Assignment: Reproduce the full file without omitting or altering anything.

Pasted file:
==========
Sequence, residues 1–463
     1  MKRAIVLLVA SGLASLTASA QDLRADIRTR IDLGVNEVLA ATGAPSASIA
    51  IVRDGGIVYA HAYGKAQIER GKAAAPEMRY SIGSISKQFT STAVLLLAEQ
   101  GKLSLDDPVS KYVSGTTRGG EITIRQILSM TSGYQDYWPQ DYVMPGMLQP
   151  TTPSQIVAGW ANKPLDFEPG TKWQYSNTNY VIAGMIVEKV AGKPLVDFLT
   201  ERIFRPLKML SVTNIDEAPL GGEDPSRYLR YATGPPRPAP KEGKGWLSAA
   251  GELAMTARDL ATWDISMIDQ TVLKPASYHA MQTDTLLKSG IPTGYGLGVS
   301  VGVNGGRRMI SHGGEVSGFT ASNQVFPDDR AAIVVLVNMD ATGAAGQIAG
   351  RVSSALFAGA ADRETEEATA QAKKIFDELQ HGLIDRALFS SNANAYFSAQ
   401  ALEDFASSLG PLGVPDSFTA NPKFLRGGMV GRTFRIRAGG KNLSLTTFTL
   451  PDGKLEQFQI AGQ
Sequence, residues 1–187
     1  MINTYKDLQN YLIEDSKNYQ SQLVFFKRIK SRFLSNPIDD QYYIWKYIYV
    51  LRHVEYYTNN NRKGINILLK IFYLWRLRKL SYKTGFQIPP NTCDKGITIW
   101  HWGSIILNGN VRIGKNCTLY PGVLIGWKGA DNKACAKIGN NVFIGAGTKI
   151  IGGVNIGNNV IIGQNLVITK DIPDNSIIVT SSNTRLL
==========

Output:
Sequence, residues 1–463
     1  MKRAIVLLVA SGLASLTASA QDLRADIRTR IDLGVNEVLA ATGAPSASIA
    51  IVRDGGIVYA HAYGKAQIER GKAAAPEMRY SIGSISKQFT STAVLLLAEQ
   101  GKLSLDDPVS KYVSGTTRGG EITIRQILSM TSGYQDYWPQ DYVMPGMLQP
   151  TTPSQIVAGW ANKPLDFEPG TKWQYSNTNY VIAGMIVEKV AGKPLVDFLT
   201  ERIFRPLKML SVTNIDEAPL GGEDPSRYLR YATGPPRPAP KEGKGWLSAA
   251  GELAMTARDL ATWDISMIDQ TVLKPASYHA MQTDTLLKSG IPTGYGLGVS
   301  VGVNGGRRMI SHGGEVSGFT ASNQVFPDDR AAIVVLVNMD ATGAAGQIAG
   351  RVSSALFAGA ADRETEEATA QAKKIFDELQ HGLIDRALFS SNANAYFSAQ
   401  ALEDFASSLG PLGVPDSFTA NPKFLRGGMV GRTFRIRAGG KNLSLTTFTL
   451  PDGKLEQFQI AGQ
Sequence, residues 1–187
     1  MINTYKDLQN YLIEDSKNYQ SQLVFFKRIK SRFLSNPIDD QYYIWKYIYV
    51  LRHVEYYTNN NRKGINILLK IFYLWRLRKL SYKTGFQIPP NTCDKGITIW
   101  HWGSIILNGN VRIGKNCTLY PGVLIGWKGA DNKACAKIGN NVFIGAGTKI
   151  IGGVNIGNNV IIGQNLVITK DIPDNSIIVT SSNTRLL